I could feel it then, the sacred necessity of this “No”, working me in a uniquely beautiful way. I could feel how it was honing my right relationship with writing; fanning the fire of my humility; strengthening my resolve to write regardless of anyone ever seeing it or wanting it or liking it or buying it.

I splashed cold water on my face, burned some sweetgrass and cedar, and set to work on Plan B—sending off my book proposal to specific literary agents who specialize in presenting “prescriptive non-fiction” to larger publishers. This first publisher who had declined was a relatively small, spiritual, niche publisher. I breathed in deeply, considering: Perhaps “Holy Messy Love” actually craves a wider wingspan with which to soar into the world?

It was 10:20 when I heard my phone ding with a new text. This one was from my daughter.

The text read: “You are brave, strong and an amazing mama. There is a publisher out there who will love your book and want to publish it. Your book is a special gift from your heart to our world and nothing can get in the way of that. Trust. Believe in yourself like I believe in you. If this wasn’t the right one, there must be an even better one coming. I love you. Xo Arayla”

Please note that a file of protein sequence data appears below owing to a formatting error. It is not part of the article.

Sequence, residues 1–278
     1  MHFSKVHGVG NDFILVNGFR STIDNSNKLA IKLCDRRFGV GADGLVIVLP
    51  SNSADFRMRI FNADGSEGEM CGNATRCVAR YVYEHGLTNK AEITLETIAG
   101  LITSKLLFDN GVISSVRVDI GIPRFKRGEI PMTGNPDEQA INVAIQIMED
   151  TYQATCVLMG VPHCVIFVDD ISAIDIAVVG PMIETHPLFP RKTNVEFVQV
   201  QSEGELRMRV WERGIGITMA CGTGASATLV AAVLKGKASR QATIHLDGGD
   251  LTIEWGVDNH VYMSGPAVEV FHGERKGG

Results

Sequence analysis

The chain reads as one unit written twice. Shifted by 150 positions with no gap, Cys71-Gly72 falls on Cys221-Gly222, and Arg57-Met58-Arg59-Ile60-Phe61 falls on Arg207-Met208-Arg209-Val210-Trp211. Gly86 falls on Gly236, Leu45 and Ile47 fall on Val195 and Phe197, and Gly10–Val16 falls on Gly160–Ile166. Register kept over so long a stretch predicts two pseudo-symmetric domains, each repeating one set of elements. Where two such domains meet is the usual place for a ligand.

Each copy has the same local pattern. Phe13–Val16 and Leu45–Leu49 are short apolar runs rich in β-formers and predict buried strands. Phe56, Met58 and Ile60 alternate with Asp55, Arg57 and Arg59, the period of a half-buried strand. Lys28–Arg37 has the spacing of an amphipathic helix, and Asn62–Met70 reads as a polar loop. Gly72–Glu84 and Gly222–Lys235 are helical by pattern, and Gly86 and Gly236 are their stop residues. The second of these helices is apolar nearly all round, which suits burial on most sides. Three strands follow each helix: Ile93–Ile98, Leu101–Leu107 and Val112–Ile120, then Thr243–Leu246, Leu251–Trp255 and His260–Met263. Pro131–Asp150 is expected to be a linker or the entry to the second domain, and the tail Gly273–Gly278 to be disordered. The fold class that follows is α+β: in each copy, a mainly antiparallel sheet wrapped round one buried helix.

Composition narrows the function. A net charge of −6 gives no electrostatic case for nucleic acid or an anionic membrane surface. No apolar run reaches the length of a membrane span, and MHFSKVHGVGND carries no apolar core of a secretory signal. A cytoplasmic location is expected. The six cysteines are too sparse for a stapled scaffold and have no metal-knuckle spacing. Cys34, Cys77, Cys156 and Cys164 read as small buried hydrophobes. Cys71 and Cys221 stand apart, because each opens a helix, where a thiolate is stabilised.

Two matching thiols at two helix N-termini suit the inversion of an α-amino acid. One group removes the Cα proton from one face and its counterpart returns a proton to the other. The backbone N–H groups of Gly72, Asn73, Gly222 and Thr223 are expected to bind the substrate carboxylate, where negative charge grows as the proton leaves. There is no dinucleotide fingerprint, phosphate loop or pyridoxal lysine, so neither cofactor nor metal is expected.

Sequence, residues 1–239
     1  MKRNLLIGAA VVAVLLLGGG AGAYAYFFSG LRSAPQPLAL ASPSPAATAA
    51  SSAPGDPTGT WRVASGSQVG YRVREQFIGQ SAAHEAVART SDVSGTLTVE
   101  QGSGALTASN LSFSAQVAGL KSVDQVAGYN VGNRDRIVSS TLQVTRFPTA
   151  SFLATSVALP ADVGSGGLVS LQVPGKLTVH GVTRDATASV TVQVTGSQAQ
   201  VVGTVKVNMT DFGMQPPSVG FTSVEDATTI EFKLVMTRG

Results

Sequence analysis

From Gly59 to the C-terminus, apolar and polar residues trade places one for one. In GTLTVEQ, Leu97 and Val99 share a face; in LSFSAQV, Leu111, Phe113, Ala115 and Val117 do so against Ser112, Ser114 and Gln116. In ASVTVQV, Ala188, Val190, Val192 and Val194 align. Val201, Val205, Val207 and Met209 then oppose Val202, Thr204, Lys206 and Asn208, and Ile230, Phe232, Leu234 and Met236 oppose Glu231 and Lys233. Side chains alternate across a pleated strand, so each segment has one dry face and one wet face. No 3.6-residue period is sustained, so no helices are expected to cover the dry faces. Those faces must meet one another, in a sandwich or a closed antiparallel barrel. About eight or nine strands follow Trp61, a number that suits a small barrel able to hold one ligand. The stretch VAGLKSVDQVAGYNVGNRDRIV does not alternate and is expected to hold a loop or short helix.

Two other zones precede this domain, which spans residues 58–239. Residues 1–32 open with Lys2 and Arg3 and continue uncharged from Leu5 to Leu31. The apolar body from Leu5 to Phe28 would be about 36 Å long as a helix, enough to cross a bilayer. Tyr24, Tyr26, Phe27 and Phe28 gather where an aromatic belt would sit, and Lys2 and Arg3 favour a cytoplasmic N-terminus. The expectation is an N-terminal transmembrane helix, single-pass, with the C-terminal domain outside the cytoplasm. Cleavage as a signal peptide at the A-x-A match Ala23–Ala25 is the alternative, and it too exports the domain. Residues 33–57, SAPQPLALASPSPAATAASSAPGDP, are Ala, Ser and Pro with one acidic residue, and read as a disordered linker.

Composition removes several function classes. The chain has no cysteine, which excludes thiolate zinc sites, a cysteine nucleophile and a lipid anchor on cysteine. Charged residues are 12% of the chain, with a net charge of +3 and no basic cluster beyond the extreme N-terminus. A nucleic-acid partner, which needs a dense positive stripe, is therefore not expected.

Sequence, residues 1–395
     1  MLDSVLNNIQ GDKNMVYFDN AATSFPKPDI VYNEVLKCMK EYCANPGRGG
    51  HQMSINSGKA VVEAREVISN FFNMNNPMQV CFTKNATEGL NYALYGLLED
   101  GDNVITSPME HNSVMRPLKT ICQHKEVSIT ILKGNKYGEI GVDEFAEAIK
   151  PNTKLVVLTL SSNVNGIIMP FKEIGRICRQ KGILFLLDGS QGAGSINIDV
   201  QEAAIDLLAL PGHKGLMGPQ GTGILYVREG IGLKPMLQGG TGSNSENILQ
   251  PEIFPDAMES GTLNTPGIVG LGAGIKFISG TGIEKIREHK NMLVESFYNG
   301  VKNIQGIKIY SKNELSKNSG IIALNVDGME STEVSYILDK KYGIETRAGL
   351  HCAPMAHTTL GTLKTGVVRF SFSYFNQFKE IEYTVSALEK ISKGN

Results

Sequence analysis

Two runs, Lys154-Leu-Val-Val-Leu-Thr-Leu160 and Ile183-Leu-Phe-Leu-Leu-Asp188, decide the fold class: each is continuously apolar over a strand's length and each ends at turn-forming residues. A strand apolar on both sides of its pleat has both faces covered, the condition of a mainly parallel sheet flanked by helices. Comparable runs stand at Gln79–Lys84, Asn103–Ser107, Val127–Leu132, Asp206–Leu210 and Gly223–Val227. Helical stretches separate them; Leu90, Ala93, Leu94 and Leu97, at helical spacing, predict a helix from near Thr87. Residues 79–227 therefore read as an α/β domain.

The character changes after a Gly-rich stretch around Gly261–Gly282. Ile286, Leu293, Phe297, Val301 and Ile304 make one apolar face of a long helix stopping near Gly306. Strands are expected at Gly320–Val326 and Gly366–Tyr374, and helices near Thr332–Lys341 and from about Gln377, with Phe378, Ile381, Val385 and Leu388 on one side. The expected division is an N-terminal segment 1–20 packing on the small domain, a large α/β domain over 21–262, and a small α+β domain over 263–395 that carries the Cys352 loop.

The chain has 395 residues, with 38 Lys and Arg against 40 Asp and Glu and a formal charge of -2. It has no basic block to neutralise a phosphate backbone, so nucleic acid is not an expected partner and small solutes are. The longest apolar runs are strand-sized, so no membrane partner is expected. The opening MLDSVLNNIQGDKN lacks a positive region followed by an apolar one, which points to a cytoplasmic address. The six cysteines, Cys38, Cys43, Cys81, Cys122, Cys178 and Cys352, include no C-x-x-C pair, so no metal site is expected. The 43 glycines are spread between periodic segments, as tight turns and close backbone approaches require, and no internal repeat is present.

For the second time that morning, tears flooded my eyes after receiving a text. But this time my tears were made of astonished joy and pride. I reveled in the beauty of my 13 year old girl choosing to (illegally ;-)) text her mama from school with words of generous encouragement, loving praise, and grounded faith! What immensely good news this text was for my heart, and for our world. What a WIN!

I bowed again, as I bow again now towards the wild, mysterious, uncontrollable design of it all.

Who knows how it’s all meant to unfold? I surely don’t. But however it unfolds, one thing is for certain: LOVE WINS—in  all its humbling, holy, and messy glory—again and again and again.

 

 

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The Potent Gem of “I Love Myself”

The Potent Gem of “I Love Myself”

Last night before bedtime my kids and I had the sweet treat of communing in our hot tub under the starlight and moonshine. It was an absolutely beautiful moment. I love it when all of us are relaxed and open-hearted together at the same time. In that shimmering warmth of connection, I found myself saying to them, “I want to share something with you guys; a really simple, precious treasure that I didn’t really figure out until about 4 years ago.”

Ezra, (10) paddled over to me, ready to listen.